Finally, note that the 5% interest on TARP funds is higher than banks' normal cost of capital, though that's more applicable to commercial banks than investment banks:

I think the key word here is normal because when you are in a significant market downturn and there is a liquidity crisis as well, it's very hard to raise capital. Remember that GE was raising capital from Warren Buffett last October and paying a 10% dividend on the money.

However, it was problematic because it was the government squeezing money out of healthy banks, not because it was bailing those banks out.

I can understand being annoyed about the mandatory nature of the TARP program and I'm sure there are some banks who were forced to take TARP money who really didn't need it. But there were banks going out of business and being sold on an emergency basis, so claiming that the banks were fine and the TARP program was just an additional government tax is a little hard to believe.
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On October 20th, 2009 06:47 pm (UTC), psychohist replied:
I strongly suspect that the investment banks ended up losing money on their TARP funds. Remember they also had to pay fees when they paid the money back; the government got returns in excess of a 20% annualized rate. That's considerably more than the 1-2% annual return that investment banks are making as a percentage of their assets.

While it's more difficult for nonbanks like GE to raise money during a recession, it's actually easier for retail banks. Consumers tend to save more and borrow less during a recession, both of which pump money into banks. TARP did likely help GMAC, another nonbank which got into trouble.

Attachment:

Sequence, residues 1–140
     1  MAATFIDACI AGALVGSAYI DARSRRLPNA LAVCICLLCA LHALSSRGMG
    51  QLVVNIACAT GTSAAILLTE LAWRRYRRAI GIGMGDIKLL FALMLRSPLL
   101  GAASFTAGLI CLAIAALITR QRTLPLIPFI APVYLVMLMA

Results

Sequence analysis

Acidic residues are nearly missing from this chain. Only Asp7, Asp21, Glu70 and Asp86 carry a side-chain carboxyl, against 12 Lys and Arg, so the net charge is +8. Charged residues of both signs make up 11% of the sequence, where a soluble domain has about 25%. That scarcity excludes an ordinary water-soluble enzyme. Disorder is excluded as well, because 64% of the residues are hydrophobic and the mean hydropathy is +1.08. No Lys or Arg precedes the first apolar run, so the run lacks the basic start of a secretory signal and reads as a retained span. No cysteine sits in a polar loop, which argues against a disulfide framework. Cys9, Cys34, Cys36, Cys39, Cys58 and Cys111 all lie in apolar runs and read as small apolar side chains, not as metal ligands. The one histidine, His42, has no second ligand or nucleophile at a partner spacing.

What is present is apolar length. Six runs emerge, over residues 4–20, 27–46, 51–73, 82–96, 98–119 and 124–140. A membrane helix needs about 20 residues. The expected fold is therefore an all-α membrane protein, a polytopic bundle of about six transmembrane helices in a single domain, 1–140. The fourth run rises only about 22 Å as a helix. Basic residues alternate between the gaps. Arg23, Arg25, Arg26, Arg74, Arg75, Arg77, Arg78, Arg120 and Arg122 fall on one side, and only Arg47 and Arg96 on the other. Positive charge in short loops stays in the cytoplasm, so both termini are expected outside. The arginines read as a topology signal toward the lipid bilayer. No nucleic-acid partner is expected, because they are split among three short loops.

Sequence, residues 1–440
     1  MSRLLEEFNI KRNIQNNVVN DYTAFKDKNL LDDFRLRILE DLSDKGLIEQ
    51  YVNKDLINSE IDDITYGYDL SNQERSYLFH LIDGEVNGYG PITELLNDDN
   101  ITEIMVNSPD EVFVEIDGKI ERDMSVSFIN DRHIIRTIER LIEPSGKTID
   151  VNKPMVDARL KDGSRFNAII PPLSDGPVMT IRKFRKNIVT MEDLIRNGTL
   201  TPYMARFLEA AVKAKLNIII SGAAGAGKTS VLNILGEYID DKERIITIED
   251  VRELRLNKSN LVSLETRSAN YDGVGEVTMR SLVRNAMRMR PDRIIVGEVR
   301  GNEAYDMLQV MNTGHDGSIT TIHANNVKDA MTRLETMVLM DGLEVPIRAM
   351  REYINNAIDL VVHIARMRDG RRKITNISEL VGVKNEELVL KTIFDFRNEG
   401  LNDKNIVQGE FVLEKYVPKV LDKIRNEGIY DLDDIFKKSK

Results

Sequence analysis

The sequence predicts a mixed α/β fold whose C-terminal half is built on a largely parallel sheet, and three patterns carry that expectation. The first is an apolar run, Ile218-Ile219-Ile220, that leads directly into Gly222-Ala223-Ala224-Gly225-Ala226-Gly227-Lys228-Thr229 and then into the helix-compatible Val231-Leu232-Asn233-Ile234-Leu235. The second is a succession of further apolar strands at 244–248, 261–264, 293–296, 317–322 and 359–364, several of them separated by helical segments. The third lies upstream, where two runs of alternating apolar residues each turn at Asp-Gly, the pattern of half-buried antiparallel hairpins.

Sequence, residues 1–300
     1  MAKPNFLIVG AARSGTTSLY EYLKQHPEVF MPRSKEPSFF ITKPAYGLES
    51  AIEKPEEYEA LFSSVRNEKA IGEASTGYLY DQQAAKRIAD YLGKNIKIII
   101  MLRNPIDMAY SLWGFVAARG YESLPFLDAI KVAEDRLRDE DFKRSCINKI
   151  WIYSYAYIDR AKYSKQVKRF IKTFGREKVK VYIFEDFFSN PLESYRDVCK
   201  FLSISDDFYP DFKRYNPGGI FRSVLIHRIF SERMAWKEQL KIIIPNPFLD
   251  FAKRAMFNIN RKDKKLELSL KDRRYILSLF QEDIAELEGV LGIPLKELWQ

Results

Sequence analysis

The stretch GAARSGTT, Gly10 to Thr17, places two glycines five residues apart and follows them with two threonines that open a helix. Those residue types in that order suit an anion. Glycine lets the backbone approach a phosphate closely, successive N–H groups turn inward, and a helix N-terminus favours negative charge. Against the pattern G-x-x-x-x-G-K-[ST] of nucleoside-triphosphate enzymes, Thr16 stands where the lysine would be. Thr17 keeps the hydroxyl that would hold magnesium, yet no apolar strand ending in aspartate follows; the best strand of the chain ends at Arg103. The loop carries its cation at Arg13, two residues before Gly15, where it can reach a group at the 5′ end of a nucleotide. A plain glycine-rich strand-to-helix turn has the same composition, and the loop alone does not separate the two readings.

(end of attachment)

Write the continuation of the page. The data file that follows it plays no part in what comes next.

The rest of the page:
The selling of banks "on an emergency basis" was more an issue of panic on the part of the government regulators than actual need. This was best illustrated by the sale of Wachovia: the government initially agreed to a heavily subsidized fire sale deal to give it to Citicorp, but then when they finally decided they didn't need to close every bank sale over a weekend, Wells Fargo came in with a competitive offer that was better and didn't require any subsidies at all.

Now, as mentioned above, TARP did help some poorly managed and weak financial institutions like GMAC, and perhaps some poorly managed and weak smaller banks as well. It basically worked to penalize the well managed banks to subsidize poorly managed financial institutions. Does that sound like a good policy to you?
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On October 21st, 2009 03:31 am (UTC), izmirian replied:
Wow, 20% is quite a bit different from 5%. Is there a good website summarizing the amount loaned to each bank and the amount paid back? My quick search just found bits and pieces.

Does that sound like a good policy to you?

Well, no one is particularly happy about the policy, which is probably why the politicians feel obliged to complain about the bonuses. It's defenders will say that it was the best policy that could be implemented in a hurry. I'm certainly not enough of an expert to determine that. My guess is that it was a better policy than doing nothing. Were you in favor of letting the weaker banks fail or in some other rescue approach?
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On October 27th, 2009 05:40 pm (UTC), psychohist replied: